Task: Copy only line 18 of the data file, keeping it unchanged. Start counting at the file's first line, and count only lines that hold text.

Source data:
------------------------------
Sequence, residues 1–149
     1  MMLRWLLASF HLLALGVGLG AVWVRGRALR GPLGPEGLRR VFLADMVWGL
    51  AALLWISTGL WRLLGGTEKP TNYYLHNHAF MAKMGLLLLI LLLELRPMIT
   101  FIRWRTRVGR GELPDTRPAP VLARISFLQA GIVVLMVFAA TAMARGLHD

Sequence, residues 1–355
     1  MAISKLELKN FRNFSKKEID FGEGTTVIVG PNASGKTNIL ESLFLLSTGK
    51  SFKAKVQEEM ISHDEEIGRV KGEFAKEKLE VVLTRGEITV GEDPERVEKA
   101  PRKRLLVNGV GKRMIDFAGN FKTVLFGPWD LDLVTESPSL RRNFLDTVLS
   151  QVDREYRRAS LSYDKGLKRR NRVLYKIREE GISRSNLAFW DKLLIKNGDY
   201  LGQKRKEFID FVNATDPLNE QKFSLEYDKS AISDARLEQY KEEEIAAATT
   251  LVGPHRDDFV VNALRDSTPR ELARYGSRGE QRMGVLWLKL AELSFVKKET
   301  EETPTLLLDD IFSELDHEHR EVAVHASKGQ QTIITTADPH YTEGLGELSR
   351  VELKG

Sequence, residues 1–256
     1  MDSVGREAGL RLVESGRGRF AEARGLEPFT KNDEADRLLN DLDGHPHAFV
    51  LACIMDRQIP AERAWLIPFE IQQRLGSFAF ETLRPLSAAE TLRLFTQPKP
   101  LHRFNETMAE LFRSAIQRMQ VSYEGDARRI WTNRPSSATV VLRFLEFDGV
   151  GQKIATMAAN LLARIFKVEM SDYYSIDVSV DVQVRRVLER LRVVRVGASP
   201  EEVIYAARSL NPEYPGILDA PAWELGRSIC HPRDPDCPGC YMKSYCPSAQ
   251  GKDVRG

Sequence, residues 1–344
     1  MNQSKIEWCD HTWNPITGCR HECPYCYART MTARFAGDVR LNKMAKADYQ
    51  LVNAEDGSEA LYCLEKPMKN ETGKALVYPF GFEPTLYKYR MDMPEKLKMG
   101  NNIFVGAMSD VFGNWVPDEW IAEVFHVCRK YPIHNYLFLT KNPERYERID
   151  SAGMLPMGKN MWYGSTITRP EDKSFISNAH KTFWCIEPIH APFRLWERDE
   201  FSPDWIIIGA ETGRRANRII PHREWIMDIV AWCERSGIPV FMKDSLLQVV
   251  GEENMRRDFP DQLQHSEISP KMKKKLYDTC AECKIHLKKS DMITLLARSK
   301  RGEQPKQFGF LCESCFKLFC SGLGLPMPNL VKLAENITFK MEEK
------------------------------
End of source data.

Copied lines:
   151  GQKIATMAAN LLARIFKVEM SDYYSIDVSV DVQVRRVLER LRVVRVGASP